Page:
Now, Bezos’ promoters would argue that stock-based compensation is not a use of cash and therefore should not be included in the Free Cash Flow number.  But that is patently false.  Here’s why.  The definition of free cash flow is that amount of cash flow that is available to shareholders after all cash payments are accounted for.  With stock-based compensation, AMZN hides this cash-cost to shareholders because this economic cost to shareholders does not show up until the employee registers its shares and sells them.  This increases the shares outstanding – or dilutes shareholders.

Employee stock compensation shares are registered and sold every quarter.  The amount per quarter is increasing at an increasing rate because the nominal amount of shares given as part of AMZN’s payroll increases every quarter.  Thus, the amount of shares outstanding at the end of every quarter increases.  This effectively reduces the amount of free cash flow per share that would otherwise be available to shareholders. Therefore the cost of employee stock compensation should be treated as cash cost each quarter and should be netted out from “free cash flow” just like it would be if the employee compensation were paid in cash instead of shares.  

There are several other areas in which Bezos uses creative accounting in order to bamboozle the market.   Unfortunately Wall Street, Capitol Hill and the SEC look the other way.  Wall Street because AMZN is a perpetual source of revenues.  Washingon, DC because Bezos spends millions buying Congressman and because has the use of the Washinton Post as political weapon.

There’s no way to know when the AMZN Ponzi scheme will collapse.  They all do eventually.  But I can say with certainty that, perhaps other than Tesla’s Elon Musk, Bezos is the greatest Ponzi scheme operator in history.

The Pre-Earnings Promote On AMZN Begins

It began last night with FB’s earnings release, which triggered a spike in both FB and AMZN stock after-hours:  LINK.  I have been very clear to the subscribers of my Short Seller’s Journal to avoid shorting AMZN ahead of its earnings release after the market today.  I also advised them to take profits on any short positions or put positions last week.   I have been on the record stating that I fully expect AMZN to report a blow-out quarter.  The trick is to understand how and where they are using GAAP/non-GAAP to inflate the net income and “free cash flow” numbers they will report.    AMZN continues to burn cash and will continue to burn cash.  That’s the bottom line.

Point in case is this puff-piece from Bloomberg News this a.m. which describes how AMZN generates revenues – yet it fails to describe how AMZN turns those sales in real net income and real cash flow.   FYI, AMZN states in the fine-print of its 10K/10Q filings that its reported “free cash flow” number is not a metric that conforms to Generally Accepted Accounting Principles – a fact that should not surprise anyone who does real research and analysis on AMZN.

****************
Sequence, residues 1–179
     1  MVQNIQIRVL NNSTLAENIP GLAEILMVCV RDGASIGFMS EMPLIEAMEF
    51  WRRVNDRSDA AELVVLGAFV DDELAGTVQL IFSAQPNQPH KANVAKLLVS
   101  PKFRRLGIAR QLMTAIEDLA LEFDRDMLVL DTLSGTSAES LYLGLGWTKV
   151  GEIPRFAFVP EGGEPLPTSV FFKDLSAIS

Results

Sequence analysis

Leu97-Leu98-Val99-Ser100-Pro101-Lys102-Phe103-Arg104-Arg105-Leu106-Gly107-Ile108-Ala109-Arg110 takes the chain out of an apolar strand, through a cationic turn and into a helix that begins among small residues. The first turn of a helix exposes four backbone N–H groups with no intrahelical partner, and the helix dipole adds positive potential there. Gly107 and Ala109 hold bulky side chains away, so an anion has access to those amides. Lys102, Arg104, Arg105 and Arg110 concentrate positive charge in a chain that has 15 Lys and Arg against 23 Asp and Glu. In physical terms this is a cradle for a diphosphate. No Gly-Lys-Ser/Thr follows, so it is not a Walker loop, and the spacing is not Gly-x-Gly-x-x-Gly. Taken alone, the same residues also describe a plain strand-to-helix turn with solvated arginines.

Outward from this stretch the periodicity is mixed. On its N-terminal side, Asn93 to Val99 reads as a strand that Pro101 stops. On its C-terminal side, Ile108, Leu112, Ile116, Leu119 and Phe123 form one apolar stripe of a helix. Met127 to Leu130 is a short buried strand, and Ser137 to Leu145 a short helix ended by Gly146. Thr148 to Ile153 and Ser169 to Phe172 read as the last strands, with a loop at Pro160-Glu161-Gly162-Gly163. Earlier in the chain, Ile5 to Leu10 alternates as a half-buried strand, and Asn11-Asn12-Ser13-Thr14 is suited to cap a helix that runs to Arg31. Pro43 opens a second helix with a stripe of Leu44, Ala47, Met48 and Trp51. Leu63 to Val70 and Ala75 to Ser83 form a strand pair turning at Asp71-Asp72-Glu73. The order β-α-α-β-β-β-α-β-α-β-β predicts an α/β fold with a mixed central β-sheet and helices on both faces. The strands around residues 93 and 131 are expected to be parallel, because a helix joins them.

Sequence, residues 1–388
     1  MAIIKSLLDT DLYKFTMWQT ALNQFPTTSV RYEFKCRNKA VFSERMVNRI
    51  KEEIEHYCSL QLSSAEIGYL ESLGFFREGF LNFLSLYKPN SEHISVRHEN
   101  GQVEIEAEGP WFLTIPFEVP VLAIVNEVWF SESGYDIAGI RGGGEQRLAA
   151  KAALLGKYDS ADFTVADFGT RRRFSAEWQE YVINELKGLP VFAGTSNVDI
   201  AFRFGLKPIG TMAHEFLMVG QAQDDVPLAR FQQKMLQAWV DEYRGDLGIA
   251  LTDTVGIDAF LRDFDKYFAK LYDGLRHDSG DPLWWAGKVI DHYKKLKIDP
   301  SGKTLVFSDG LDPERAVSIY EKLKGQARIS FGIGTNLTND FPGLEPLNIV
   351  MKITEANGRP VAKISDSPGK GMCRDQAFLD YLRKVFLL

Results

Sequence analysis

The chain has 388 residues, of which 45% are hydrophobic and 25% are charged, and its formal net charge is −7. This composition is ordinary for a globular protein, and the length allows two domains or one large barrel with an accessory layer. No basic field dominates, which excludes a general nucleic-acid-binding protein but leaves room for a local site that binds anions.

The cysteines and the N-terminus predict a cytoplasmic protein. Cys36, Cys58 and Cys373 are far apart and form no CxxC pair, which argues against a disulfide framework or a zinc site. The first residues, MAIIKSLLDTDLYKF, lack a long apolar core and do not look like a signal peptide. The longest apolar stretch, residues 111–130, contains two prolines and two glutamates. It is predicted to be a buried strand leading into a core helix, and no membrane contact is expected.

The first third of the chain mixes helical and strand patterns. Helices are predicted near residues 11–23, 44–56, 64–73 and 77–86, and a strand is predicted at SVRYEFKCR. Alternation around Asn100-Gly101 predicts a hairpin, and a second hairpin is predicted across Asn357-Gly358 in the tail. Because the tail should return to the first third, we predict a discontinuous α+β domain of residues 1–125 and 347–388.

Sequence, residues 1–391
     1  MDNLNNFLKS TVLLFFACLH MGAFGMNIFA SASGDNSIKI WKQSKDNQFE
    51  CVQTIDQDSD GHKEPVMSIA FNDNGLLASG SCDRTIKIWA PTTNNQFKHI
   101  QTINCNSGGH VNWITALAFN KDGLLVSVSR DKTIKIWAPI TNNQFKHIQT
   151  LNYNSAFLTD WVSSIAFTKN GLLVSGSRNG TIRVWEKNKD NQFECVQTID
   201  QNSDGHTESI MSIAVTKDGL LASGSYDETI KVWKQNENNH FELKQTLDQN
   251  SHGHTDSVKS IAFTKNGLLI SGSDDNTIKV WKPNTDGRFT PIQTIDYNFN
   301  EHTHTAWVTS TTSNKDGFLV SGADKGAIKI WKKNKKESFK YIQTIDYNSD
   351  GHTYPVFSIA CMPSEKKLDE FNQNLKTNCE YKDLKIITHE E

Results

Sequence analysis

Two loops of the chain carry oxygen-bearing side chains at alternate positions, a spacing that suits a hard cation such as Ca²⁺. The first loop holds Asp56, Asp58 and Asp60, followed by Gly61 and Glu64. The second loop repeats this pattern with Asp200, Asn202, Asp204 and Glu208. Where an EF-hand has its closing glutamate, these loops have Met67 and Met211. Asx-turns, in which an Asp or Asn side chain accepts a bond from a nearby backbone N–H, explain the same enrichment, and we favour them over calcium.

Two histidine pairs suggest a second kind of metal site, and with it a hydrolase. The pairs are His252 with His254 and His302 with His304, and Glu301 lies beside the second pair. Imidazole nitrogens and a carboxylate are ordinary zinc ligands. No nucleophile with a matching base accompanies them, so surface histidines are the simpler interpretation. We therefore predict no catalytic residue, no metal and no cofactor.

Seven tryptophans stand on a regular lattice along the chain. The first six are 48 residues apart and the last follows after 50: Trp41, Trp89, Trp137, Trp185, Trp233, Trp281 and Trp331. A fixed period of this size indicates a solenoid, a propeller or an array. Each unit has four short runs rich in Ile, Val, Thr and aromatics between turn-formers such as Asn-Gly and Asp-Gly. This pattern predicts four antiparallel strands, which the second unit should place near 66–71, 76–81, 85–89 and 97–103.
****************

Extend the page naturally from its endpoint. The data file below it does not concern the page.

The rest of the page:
Amazon (AMZN): Sheer Insanity

Amazon (AMZN) stock is breaking out to a new all-time high today.  The “catalyst” ostensibly was news reports out yesterday that AMZN added 3 million Prime members during the 3rd week of Decemeber (of course, reported by CNBC) – LINK.   The report suggests that AMZN has lifted “veil” on Prime.

But what is not reported in this article,  of course, is the fact that AMZN was offering a free one-month trial of Prime.  Hmmm,  a week before Christmas and I can get free two-day shipping on anything I order?  I’m surprised AMZN didn’t sign up 10 million Prime “members.”  I wonder if CNBC will do a follow-up report next month which discusses the “churn” rate on the 3 million new “members.”  “Churn rate” would be the number of free-trials which cancel after the free month.

CNBC also reported that AMZN had a “record breaking holiday” based on the fact that 200 million more items received free shipping this year, reaching a record number of shipments.  This may be a record in terms of shipments but “free” shipping costs someone money.  I don’t think UPS, Fed Ex and the USPS are shipping AMZN’s products at a loss.  Someone bears this expense.  In my AMZN dot CON report I show in detail how AMZN bears the cost of fulfillment and also does spectacular job of hiding this cost.

The Robo traders grabbed these headlines and started having a big party pushing the stock higher, which is up 32 points, or 4.8%, in less that two trading sessions.

Lost in all this excitement is notion that AMZN is the poster-child representing the fact that the U.S. financial markets are irrevocably broken.  The entire financial system, especially the stock market, has become one big fraud.  It’s reported that Apple’s shipments of the new iPhone from Taiwan manufacturers were cut 5-10%.  This is not happening because demand is strong.   The market doesn’t care, as AAPL is up over 2% today.